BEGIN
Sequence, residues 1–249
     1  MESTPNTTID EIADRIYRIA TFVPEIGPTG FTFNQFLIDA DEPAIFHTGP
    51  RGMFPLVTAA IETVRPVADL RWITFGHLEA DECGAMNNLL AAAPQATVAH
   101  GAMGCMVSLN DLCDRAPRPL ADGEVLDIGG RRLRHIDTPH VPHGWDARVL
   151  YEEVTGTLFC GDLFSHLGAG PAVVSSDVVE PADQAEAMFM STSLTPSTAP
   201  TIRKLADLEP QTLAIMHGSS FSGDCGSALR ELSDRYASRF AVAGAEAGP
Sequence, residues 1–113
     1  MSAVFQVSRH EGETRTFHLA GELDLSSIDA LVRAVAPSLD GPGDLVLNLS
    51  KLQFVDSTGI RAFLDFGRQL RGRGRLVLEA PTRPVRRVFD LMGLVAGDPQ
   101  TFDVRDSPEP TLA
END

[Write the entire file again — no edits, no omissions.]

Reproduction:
Sequence, residues 1–249
     1  MESTPNTTID EIADRIYRIA TFVPEIGPTG FTFNQFLIDA DEPAIFHTGP
    51  RGMFPLVTAA IETVRPVADL RWITFGHLEA DECGAMNNLL AAAPQATVAH
   101  GAMGCMVSLN DLCDRAPRPL ADGEVLDIGG RRLRHIDTPH VPHGWDARVL
   151  YEEVTGTLFC GDLFSHLGAG PAVVSSDVVE PADQAEAMFM STSLTPSTAP
   201  TIRKLADLEP QTLAIMHGSS FSGDCGSALR ELSDRYASRF AVAGAEAGP
Sequence, residues 1–113
     1  MSAVFQVSRH EGETRTFHLA GELDLSSIDA LVRAVAPSLD GPGDLVLNLS
    51  KLQFVDSTGI RAFLDFGRQL RGRGRLVLEA PTRPVRRVFD LMGLVAGDPQ
   101  TFDVRDSPEP TLA